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One of my favorite scenes from “Crocodile Dundee” is where the New York City reporter is asking Dundee whether ownership of some land should be returned to the aboriginals.
Dundee says, “See those rocks? Been standing there for 600 million years. Still be there when you and I are gone. So arguing over who owns them is like two fleas arguing over who owns the dog they live on.”
Ownership is a bizarre concept, but not singularly peculiar to humans. Dogs will tussle over who owns a piece of rope and wild animals mark “their territory.” But does anyone really own anything?
I think it’s more about control than ownership. When we use the word “own”, we mean the right to control.
Perhaps that’s what separates humans from civilized animals. Animals claim ownership and then exercise control over what they claim. Humans identify what they want to control, then claim abstract ownership to justify that control.
OK, I admit it. I like control. Some pitch man on TV starts screaming at me, telling me why I can’t live another day without buying some superglue that will allow me glue cinder blocks to my kitchen ceiling.
Being able to mute the TV set with a push of a button is great control. I scream back at the silent TV and tell him where he can put that bottle of glue. The mute shuts him up and I feel a rush of power through my veins. I am omnipotent! I can control the world!
Control. We thrive on control. Who can tell who to do what to whom and when.
And perhaps the epitome of control in our lives resides at the source. The belly of a woman.
Consider a pregnant woman, well into her sixth or seventh month, standing outside a cafe. A stranger walks by and stops. “Oh my, someone has a bun in the oven! Do you know if it’s a boy or a girl yet?”
The woman smiles, ignoring the implication that she’s a bun factory, and replies, “No, we decided to wait.”
And then without warning, without asking permission, the man reaches out and puts his hand against her belly.
“Feels like a boy to me!”
Why do people think a woman’s belly is public property? The unrequested belly inspection is just the tip of a large iceberg of control over women. When it comes to ownership, a woman’s belly is the ultimate target.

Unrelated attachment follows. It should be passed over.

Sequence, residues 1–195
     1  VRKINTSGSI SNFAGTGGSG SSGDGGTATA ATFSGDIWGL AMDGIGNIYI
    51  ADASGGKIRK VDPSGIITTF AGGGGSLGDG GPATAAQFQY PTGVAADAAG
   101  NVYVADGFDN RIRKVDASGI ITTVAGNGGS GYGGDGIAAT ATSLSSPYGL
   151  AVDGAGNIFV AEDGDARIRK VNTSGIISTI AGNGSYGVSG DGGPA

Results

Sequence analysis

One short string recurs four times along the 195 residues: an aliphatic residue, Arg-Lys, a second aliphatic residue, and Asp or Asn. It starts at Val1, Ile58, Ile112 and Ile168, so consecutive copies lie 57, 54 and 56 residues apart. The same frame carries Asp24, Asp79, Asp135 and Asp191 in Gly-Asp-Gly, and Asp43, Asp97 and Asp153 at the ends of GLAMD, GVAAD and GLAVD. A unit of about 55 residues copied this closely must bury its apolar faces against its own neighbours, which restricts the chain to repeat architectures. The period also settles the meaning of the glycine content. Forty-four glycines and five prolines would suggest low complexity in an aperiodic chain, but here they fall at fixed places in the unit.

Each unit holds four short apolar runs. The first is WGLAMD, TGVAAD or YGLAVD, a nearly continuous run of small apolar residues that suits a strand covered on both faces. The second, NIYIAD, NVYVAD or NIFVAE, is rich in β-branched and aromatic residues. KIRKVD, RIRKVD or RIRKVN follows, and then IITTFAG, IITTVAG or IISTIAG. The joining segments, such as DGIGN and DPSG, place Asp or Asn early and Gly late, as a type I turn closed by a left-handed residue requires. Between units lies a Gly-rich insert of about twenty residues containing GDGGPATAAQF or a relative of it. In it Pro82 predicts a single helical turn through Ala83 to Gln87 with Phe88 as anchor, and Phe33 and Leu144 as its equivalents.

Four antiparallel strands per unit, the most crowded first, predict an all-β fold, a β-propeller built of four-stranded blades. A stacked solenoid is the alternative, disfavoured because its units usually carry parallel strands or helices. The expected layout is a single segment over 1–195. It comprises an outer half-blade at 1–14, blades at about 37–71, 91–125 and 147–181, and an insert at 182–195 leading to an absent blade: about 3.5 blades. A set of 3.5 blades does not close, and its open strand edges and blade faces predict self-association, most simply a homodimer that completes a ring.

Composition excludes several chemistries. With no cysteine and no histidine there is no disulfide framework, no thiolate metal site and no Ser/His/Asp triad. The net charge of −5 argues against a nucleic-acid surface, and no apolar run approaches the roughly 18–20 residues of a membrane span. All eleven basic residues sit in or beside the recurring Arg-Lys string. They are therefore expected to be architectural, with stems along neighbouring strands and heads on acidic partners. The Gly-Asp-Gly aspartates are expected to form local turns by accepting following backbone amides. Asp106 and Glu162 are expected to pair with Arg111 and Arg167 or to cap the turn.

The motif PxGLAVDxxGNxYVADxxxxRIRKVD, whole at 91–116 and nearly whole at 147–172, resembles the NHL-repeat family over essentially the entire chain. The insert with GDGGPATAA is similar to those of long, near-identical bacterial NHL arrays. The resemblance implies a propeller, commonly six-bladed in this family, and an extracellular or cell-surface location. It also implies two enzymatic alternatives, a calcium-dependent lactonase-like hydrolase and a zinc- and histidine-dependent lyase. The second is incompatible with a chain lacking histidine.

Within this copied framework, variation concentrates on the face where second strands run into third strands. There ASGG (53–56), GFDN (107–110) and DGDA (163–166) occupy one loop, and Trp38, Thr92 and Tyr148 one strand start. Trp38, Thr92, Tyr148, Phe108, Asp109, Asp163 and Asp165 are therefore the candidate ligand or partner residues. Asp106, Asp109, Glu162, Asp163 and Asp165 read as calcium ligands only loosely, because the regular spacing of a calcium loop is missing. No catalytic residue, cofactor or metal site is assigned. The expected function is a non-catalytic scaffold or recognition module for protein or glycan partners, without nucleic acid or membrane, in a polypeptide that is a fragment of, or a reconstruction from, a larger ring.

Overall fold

And of course, the loudest debate on belly control centers on abortion rights. It’s a war between pro-life and pro-choice.
Rather than use the term “pro-life”, it would be more accurate to say “pro-birth” since the debate seems to have little to do with taking care of the life once it’s outside the woman’s belly. The domain of ownership focuses on the unborn in the belly, not the born in society.
A pregnant woman who smokes cigarettes or drinks alcohol puts that unborn child at risk.
Even her diet can affect the health of the baby. And so it goes to reason that pro-birthers want to prevent pregnant women from smoking, drinking, eating fatty foods and ingesting illegal substances.
One might make the mistake that these people cared about the health of the baby.
If that were actually true, they’d also demand that the government provide that baby with affordable healthcare, housing and a good education.
But it’s the belly that’s the target for control, not what comes out of it.
So where do we draw the line on belly control? Should pregnant women be allowed on commercial air flights? Is the sugary caffeine in a Frappucchino bad for the baby? Is mercury flavored fish really that dangerous?
I read in a pamphlet that pregnant women should avoid herpes.
Oddly enough, it didn’t say that herpes should be avoided by a non-pregnant person.
The belly debate has been argued for millenniums and I doubt that it will be settled anytime soon.
But as a man, I do know one thing. If we wake up one day and find men are suddenly the ones who are the baby bearers, the belly control issue will dance to a very different tune.